You see the pattern: small, larger, largest.

*** Strong mnemonics

With a little bit of experience, you can remember a lot of things.

For example, you learn that the prefix for all help commands is =C-h=.

So once you know that, you can recall common extensions:

| Key   | Reference            |
| C-h f | help about FUNCTIONS |
| C-h k | help about KEYS      |
| C-h m | help about MODES     |
| C-h v | help about VARIABLES |

Once you are in the middle of a key chord, hit =C-h= to get possible
completion candidates (works by default and also with =which-key=).

These, by the way, link to the introspectable nature of Emacs.

*** Mnemonics help with scaling knowledge

Just follow conventions and you can implement your own keys.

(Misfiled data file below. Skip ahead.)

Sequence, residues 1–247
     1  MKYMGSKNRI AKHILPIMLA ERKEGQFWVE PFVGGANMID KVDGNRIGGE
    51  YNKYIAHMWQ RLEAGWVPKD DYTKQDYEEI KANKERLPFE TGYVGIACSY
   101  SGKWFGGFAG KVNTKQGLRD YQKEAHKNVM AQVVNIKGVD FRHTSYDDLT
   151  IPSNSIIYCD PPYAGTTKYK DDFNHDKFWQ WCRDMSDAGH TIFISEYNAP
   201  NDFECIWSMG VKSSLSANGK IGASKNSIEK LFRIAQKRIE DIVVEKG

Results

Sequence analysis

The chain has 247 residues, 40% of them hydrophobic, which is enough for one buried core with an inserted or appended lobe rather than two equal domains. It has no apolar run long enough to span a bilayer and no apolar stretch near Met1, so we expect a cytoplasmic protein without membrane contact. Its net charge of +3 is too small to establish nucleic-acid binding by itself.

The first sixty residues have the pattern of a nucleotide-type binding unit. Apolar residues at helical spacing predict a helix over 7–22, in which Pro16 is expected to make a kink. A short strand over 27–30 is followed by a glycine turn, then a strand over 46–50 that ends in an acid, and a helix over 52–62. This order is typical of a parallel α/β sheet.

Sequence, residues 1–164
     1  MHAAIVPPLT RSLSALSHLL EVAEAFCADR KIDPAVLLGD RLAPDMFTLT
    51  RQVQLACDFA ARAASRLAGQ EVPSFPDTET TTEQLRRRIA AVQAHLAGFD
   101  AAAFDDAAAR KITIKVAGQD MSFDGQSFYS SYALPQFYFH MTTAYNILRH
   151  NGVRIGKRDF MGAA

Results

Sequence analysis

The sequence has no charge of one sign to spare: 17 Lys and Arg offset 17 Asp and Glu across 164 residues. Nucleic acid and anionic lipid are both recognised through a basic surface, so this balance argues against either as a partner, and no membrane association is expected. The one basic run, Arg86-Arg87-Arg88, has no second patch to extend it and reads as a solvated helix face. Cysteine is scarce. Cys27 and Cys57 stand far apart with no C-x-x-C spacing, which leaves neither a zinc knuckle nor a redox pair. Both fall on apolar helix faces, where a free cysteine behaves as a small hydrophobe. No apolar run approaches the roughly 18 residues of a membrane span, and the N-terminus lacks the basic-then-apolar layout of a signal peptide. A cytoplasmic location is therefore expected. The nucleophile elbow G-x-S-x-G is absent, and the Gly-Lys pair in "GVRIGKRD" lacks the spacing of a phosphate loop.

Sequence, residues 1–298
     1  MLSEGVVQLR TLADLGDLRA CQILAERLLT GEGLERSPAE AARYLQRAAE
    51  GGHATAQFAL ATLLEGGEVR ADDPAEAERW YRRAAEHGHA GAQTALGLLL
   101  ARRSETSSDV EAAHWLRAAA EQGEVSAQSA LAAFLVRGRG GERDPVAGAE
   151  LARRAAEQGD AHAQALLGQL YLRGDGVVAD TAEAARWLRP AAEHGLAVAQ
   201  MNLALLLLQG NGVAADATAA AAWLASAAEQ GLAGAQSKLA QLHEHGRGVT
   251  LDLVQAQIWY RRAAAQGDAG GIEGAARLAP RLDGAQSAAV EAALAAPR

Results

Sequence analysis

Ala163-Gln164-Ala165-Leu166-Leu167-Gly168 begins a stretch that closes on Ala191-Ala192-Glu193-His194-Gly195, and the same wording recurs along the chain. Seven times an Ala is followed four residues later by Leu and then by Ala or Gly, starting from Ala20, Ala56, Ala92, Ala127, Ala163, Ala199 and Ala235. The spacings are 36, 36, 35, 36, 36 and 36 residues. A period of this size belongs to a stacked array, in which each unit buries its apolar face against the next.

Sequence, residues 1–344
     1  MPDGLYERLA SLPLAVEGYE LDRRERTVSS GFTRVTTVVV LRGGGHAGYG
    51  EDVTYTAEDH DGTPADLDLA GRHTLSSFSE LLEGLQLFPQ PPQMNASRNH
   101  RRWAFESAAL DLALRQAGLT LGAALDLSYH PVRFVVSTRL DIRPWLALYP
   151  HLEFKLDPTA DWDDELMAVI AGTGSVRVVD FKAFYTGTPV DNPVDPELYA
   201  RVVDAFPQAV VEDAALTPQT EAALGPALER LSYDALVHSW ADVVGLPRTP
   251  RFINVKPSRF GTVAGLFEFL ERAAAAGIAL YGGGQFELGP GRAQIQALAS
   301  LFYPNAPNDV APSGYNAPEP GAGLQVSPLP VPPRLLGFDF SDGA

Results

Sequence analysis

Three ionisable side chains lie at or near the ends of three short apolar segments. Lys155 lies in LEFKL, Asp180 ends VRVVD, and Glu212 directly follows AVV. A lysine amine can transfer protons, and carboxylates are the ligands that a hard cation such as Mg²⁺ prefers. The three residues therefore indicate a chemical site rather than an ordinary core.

Here is a sample of my scalability (some invoke custom functions).

| Key chord | Command            |
| M-s g     | counsel-git-grep   |
| M-s n     | dired-narrow       |
| M-s r     | counsel-rg         |
| M-s s     | swiper-multi       |
| M-s z     | counsel-fzf        |
| M-s %     | anzu-query-replace |

Now look at the commands on the table.  All of them are "searches".

The standard search is =C-s=.  A more advanced search must be =M-s=.

But because there are many advanced searches, =M-s= has to be a prefix.

Look at =M-s %=.  It extends the principle of =M-%= (=query-replace=).

*Mnemonics and good conventions help you acquire knowledge at scale.*

Other possible good keys, based on the above:

| Key chord | Possibilities |
| M-s f     | Files?        |
| M-s d     | Directories?  |
| …         | …             |

*** Custom key bindings

Emacs is meant to be used by YOU.  Configure it as you will.